Weekend Reading: Baltimore’s “Border Vacuums”

This week on the site Better! Cities & Towns, Marc Szarkowski wrote an article about “border vacuums.” These were described by Jane Jacobs as large, single-use areas that lack pedestrian intensity. They range from business parks and campuses, to stadiums and wide roads. For pedestrians, such areas become unnavigable “borders” between two destinations; while serving as “vacuums” that suck away from the vitality of nearby uses, starting a process that can spread through whole neighborhoods. (Just think how overpasses diminish the value of retail spaces below, creating a domino effect that can extend several blocks).

The article focuses on several around downtown Baltimore, where I’ve been exploring. They include the city’s dangerous public housing complexes, which remain in use despite similar ones being demolished in other cities. They also include MLK Jr. Boulevard, which has segregated the west side from downtown; and North Avenue, a formerly vibrant mixed-use thoroughfare that was widened decades ago to better accommodate cars. The avenue, he writes, has since become a “literal wall” between Baltimore’s north neighborhoods. Meanwhile areas that were left untouched, like Canton, Fell’s Point, and Federal Hill, maintain their old-school charm—and hence their economic productivity. More importantly has been the city’s effective renovation of the Inner Harbor, which “had devolved into a border vacuum by the early 1970s…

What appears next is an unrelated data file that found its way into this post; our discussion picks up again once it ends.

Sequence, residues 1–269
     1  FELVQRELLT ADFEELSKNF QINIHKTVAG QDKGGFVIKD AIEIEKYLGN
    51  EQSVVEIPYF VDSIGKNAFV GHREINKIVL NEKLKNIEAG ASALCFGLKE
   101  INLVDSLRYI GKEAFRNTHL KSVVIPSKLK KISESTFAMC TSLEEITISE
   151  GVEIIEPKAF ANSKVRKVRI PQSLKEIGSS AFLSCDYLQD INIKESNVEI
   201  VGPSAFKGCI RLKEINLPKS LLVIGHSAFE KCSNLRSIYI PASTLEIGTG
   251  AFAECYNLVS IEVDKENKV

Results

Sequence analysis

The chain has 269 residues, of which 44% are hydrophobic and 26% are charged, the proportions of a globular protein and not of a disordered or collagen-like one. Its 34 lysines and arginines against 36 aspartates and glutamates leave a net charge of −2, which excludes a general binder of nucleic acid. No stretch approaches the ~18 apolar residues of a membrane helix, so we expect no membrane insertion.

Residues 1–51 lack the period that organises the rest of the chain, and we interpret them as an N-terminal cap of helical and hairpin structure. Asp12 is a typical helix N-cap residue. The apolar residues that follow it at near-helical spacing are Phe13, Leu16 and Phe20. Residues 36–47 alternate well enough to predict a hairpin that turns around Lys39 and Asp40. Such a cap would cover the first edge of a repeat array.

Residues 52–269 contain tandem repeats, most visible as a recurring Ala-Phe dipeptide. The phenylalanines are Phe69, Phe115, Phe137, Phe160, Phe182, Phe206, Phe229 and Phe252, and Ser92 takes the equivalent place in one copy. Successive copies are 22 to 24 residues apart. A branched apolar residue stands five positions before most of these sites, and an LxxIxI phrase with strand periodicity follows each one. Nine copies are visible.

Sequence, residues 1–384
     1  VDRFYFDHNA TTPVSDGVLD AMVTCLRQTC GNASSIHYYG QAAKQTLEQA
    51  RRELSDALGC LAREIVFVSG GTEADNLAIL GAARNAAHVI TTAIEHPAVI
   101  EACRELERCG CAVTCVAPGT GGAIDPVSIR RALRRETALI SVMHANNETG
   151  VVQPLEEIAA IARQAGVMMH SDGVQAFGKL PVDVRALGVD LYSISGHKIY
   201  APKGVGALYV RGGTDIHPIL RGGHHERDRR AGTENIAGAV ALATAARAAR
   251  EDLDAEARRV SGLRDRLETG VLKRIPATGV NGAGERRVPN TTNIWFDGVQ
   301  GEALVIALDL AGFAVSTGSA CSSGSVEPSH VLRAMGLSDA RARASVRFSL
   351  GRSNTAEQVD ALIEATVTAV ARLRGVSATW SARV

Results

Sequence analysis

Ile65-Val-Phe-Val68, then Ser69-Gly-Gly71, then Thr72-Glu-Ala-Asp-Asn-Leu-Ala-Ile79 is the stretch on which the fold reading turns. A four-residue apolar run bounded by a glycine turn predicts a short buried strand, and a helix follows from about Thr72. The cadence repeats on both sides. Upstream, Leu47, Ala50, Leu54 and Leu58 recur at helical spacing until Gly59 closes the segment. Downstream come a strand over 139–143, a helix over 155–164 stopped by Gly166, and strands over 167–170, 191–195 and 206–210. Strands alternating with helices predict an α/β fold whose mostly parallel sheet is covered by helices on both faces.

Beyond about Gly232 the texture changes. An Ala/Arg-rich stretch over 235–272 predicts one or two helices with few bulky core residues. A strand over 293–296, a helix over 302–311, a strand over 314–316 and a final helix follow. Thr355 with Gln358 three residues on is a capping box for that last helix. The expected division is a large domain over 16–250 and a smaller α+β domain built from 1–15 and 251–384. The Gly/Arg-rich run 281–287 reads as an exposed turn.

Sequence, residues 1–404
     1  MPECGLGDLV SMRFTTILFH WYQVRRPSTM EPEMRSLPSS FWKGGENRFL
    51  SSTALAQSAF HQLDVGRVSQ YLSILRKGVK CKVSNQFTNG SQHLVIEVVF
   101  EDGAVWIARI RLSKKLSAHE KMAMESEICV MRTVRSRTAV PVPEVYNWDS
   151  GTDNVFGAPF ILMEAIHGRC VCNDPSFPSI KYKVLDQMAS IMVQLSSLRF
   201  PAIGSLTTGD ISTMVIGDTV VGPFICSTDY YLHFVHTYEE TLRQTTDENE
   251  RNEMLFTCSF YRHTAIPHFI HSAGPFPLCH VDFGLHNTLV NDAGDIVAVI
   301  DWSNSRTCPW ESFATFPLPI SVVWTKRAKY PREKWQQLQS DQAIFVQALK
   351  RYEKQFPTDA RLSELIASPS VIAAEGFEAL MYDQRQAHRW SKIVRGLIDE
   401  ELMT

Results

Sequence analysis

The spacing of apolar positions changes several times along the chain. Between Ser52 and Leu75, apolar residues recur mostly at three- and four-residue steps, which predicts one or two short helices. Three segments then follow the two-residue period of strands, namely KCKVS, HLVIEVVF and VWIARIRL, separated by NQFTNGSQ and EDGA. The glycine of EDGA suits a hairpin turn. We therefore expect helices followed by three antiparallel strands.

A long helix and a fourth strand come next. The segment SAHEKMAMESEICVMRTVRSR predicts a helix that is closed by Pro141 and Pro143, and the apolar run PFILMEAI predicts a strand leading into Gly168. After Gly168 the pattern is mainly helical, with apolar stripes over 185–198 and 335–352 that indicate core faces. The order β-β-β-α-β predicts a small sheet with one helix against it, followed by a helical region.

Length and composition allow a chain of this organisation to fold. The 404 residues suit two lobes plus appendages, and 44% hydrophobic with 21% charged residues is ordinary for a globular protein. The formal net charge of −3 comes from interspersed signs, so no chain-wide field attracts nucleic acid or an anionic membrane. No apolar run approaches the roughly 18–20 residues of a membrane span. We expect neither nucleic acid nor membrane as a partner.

“By ‘activating the edge’ with recreational attractions, the city turned the waterfront into a vibrant area.” But if a highway had been built along it, “as was the case in so many other cities now trying to revive their isolated waterfront scraps–the waterfront border vacuum would likely have become worse.”

The way to prevent these vacuums, he notes, is not to avoid building major infrastructure altogether, but to build it in ways that mitigate the damage to surrounding uses. Szarkowki’s next goal, as he writes on the blog Envision Baltimore, is to figure out how this can be done in specific areas of Baltimore…

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